"Do you ask yourself that question often?" Shawn said. The question was soft, but had an edge of a bitter note to it.

Henry stared at his back. What? He put down the beer bottle and moved closer to the edge of his seat. "I'm not sure what you mean kiddo," he said honestly.

Shawn looked at him. He could tell he was trying to read him, seeing if his old man was holding back. Henry really wished he knew what Shawn was alluding to. "Why didn't you tell me it was her? Why did you let me think that you ended it?" As the angry questions left his son's mouth, Henry was shocked by the hurt he saw in the hazel eyes.

"Shawn, you were a kid. You didn't need to know who left who. It was over, we didn't think it would matter who ended it," Henry said.

"That's bullshit and you know it," Shawn said angrily as he pointed an accusing finger toward Henry. "You knew I was pissed at you. You knew I blamed you and you let me do it. Why? Why would you that?"

Henry looked up at Shawn. He watched in awe as one lone tear slid down his son's cheek. He needed to tell the kid. "I…I couldn't let you hate her. You both were so close. If you knew she left you, you would have been devastated. And you all ready hated me, so I figured…" Henry stopped.

"You had no right to do that!" The angry tone brought Henry to his feet.

"To do what Shawn, protect my son from thinking that his mother abandoned him?" Henryasked angrily.

"No, from deciding how I was going to feel!," Shawn said. He turned away, paced down the porch and then back at Henry. "Sure, I would have been mad, hurt that she left. But do you understand how angry I was at you? All the things I did to spite you," he said angrily.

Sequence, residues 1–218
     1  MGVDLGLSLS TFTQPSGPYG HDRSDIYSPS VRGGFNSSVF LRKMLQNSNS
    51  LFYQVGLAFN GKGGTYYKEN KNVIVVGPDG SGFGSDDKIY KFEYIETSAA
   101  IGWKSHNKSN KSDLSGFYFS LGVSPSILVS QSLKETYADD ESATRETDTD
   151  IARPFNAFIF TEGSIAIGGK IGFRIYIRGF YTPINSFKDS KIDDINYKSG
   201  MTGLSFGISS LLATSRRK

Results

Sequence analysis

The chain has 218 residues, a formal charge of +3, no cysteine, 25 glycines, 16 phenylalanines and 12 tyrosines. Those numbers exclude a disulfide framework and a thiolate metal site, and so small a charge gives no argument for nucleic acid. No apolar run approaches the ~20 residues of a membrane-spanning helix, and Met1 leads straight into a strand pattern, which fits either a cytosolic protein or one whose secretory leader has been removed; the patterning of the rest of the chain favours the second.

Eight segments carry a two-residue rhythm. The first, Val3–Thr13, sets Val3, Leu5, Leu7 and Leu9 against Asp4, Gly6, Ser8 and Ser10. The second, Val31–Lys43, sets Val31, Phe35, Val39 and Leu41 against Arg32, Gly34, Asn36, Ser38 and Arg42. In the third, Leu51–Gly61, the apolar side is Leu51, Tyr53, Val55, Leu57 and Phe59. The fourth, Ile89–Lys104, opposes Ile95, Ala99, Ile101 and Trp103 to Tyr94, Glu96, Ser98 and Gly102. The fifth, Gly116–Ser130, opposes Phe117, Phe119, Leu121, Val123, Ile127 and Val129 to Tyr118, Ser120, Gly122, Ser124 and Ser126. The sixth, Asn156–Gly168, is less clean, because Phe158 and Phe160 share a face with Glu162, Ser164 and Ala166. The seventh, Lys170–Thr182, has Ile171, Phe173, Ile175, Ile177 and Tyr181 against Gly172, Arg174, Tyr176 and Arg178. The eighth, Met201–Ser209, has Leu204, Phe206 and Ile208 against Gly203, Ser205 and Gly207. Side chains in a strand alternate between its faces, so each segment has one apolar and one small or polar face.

"Yes Shawn. I'm painfully aware of what happened," Henry said quietly, sitting back down in his chair.

"Oh no! We're not done with this, Dad!"

"What do you want from me Shawn? You know what happened. What else could you possibly want to know?" Henry said with a tone that was quiet yet frustrated.

"Why? Why would you do that? Why would you risk our relationship? Sacrifice all that?" Shawn asked angrily.

"To save our family, to save you," he whispered. He saw the incredulous look on Shawn's face. "I knew you didn't want to follow in my footsteps. I pushed you too hard, practically dared you to rebel against me." Shawn just stared at him, so he pushed on. "Like I said, you and your mother were so close, even when you were a teenager. You never talked back to her, never rebelled against her. All your aggression was against me. I couldn't stomach tarnishing that. So I let you believe that I was the one that ended it. If your mother told you different, fine. But I wouldn't be the one to do that."

"Dad, I threw away everything you ever taught me. I stopped talking to you for years, because you didn't want me to be mad at Mom. That's the dumbest thing I've ever heard," Shawn said angrily.

Henry chuckled sadly. "But I knew you'd get over it eventually. That you would be back."

"It still doesn't explain why you'd take that all on your shoulders," Shawn said.

"I thought I trained you better than that," was all he said. Shawn was quiet for a few minutes and then joined his father sitting again.

"Does she know that you still love her?" Shawn asked quietly.

"Does it matter?"

Shawn chuckled. In his best dad impression, he said, "You don't answer a question with a question."

Henry smiled, but fiddled with the bottle of beer. "I'm not sure it makes a difference now. It's water under the bridge."

Shawn laid his head back against the chair. "It makes a difference to me."

Henry looked over at him, laid a hand on his forearm and squeezed gently. Then stood up and headed to the door. "Should I throw some steaks on the grill?"

Shawn smiled from his seated position. "Sounds good Dad."